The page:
ABS (Australian Bureau of Statistics) is the official and central statistical organisation for the Australian Government, whose primary responsibility is to provide official statistics that serve the needs of all levels of government. ABS is an independent statutory authority.
AIHW (Australian Institute of Health and Welfare) is Australia’s national agency for health and welfare statistics and information.
Avoidable deaths comprises those causes of death that are potentially avoidable at the present time, given available knowledge about social and economic policy impacts and health behaviours.53
BMI (Body Mass Index) is a measure of body fat calculated from height and weight where BMI = weight (kg)/height (m) squared.
CHD (coronary heart disease) is the most common form of cardiovascular disease, with stroke a close second.
CI (Confidence Interval) is a statistical interval which has a known and controlled probability (generally 95% or 99%) to contain the true value.
COAG (Council of Australian Governments) is the peak intergovernmental forum in Australia, comprising the Prime Minister, State Premiers, Territory Chief Ministers and the President of the Australian Local Government Association.
COPD (Chronic obstructive pulmonary disease) is a lung disease in which the lung is damaged, making it hard to breathe.
DALY (Disability adjusted life year) is a measure of overall disease burden used by the World Health Organization.
Deaths refers to any death which occurs in, or en route to, Australia and is registered with a state or territory Registry of Births, Deaths and Marriages.55 Rates are per 100,000 estimated resident population and are based on the year in which the death was registered.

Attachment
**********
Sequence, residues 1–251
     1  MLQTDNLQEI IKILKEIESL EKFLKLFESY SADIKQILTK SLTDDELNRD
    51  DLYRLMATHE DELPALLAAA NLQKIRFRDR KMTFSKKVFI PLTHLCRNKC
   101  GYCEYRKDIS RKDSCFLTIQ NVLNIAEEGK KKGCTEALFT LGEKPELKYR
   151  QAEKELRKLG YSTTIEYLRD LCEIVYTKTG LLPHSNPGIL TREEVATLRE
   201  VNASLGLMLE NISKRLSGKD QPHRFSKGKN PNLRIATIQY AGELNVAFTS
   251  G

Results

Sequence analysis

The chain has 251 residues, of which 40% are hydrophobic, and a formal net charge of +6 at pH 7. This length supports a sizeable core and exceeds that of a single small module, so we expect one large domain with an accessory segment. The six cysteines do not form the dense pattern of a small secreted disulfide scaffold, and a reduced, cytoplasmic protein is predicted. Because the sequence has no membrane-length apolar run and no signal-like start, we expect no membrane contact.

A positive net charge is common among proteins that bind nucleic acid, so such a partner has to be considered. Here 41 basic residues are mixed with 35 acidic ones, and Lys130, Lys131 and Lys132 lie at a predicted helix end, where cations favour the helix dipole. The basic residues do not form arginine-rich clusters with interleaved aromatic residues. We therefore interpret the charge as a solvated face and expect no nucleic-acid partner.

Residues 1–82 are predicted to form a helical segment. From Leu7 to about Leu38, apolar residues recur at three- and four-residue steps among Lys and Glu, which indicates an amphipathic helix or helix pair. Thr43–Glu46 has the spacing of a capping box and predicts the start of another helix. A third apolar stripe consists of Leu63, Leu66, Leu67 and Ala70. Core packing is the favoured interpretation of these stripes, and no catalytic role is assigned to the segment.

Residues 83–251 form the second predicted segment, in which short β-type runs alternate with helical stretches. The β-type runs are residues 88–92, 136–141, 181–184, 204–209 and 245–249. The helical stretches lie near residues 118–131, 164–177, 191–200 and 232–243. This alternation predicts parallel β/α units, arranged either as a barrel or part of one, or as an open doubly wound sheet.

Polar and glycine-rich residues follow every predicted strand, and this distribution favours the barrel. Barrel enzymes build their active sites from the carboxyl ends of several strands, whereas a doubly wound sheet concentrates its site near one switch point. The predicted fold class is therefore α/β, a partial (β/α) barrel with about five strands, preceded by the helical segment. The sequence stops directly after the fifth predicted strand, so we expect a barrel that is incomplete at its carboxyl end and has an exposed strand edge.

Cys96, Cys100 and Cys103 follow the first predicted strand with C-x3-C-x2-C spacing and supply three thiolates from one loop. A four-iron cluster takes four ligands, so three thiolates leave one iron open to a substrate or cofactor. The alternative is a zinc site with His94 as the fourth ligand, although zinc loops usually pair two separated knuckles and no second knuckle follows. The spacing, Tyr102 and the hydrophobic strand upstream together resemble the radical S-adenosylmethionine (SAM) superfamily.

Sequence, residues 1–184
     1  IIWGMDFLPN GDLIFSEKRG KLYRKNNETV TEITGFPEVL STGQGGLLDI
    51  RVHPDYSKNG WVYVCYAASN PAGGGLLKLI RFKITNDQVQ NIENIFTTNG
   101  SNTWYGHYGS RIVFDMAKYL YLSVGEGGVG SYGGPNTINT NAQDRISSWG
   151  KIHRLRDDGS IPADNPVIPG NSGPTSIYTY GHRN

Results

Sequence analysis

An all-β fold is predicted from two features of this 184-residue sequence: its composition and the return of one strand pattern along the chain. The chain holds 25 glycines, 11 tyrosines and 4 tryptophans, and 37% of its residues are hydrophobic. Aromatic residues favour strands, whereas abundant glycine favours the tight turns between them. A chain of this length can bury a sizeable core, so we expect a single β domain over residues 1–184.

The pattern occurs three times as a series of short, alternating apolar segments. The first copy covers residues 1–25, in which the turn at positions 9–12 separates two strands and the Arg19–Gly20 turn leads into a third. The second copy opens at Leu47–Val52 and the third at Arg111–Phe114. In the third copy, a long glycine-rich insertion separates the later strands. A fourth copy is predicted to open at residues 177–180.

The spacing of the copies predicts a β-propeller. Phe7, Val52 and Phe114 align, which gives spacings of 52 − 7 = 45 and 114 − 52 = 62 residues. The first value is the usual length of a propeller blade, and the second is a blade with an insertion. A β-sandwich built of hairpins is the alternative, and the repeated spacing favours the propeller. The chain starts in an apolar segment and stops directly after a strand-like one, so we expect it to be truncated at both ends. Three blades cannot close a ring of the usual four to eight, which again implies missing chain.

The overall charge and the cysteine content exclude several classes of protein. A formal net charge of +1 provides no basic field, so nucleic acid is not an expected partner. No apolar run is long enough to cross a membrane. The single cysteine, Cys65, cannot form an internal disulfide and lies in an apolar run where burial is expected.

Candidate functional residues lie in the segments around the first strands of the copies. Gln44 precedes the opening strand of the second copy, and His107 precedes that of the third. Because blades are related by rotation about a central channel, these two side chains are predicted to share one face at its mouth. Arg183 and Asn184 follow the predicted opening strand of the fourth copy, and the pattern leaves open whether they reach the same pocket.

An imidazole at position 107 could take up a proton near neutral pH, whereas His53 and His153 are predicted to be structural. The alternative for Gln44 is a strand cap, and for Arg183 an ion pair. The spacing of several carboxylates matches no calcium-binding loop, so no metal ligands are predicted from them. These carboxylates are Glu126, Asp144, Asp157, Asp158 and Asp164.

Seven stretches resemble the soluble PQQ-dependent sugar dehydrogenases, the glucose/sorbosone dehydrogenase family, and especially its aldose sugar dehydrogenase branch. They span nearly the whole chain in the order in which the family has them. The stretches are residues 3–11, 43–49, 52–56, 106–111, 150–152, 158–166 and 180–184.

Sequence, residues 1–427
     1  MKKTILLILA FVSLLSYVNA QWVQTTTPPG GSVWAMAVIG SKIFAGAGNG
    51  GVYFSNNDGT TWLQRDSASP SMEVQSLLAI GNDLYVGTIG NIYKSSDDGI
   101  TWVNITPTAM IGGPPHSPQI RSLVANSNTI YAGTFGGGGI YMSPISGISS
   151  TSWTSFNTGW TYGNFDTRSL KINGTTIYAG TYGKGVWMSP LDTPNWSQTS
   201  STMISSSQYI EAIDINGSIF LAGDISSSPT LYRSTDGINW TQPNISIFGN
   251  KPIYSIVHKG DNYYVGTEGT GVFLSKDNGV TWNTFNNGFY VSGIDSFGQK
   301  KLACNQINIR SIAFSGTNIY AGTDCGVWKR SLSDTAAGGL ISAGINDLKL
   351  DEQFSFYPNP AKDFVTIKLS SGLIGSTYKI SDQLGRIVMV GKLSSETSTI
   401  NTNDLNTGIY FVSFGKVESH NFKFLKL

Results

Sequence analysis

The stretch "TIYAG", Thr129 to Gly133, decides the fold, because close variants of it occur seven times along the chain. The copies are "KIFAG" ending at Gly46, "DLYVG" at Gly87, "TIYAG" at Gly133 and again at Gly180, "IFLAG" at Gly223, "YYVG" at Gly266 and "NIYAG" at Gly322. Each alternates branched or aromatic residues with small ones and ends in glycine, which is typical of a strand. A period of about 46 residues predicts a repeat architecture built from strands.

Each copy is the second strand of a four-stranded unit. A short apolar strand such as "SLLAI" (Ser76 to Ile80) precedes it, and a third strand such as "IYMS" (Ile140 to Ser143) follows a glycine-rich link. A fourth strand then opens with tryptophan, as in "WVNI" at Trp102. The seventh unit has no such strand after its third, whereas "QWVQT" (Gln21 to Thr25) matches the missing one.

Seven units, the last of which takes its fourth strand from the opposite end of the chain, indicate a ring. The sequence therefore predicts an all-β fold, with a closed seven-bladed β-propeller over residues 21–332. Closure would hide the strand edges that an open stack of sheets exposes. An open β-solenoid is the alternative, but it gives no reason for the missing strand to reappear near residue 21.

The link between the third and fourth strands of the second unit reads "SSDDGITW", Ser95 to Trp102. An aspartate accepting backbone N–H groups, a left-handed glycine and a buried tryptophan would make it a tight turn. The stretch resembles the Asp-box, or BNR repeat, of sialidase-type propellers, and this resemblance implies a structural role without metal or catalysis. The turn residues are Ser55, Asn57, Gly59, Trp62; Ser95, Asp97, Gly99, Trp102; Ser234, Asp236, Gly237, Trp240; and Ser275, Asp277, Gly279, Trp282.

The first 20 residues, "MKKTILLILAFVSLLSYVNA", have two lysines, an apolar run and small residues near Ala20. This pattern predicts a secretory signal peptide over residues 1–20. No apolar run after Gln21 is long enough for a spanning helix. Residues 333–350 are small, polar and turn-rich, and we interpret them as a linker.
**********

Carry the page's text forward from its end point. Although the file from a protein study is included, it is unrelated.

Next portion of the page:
Hospitalisations mean the total number of separations in all hospitals (public and private) that provide acute care services. A separation is an episode of care which can be a total hospital stay (from admission to discharge, transfer or death) or a portion of a hospital stay ending in a change of status (for example from acute care to rehabilitation).56
ICD (International Classification of Diseases) is the international standard diagnostic classification of diseases and other health problems which is used for health records.
Incidence is the number of new health related events (for example, illness and disease) in a defined population within a specific period of time. It may be measured as a frequency count, a rate or a proportion.57
Infant mortality rate is the number of deaths of children under one year of age in one calendar year per 1,000 live births in the same calendar year.55
Life expectancy refers to the average number of additional years a person of a given age and sex might expect to live if the age specific death rates of the given period continue throughout his/her life time. Life expectancies are calculated from life tables which are statistical models of levels of mortality in a population of different ages.55
Maternal death is the death of a woman while pregnant or within 42 days of the termination of pregnancy, irrespective of the duration and the site of the pregnancy, from any cause related to or aggravated by the pregnancy or its management, but not from accidental or incidental causes.58
Morbidity is defined as a state of injury, sickness or disease.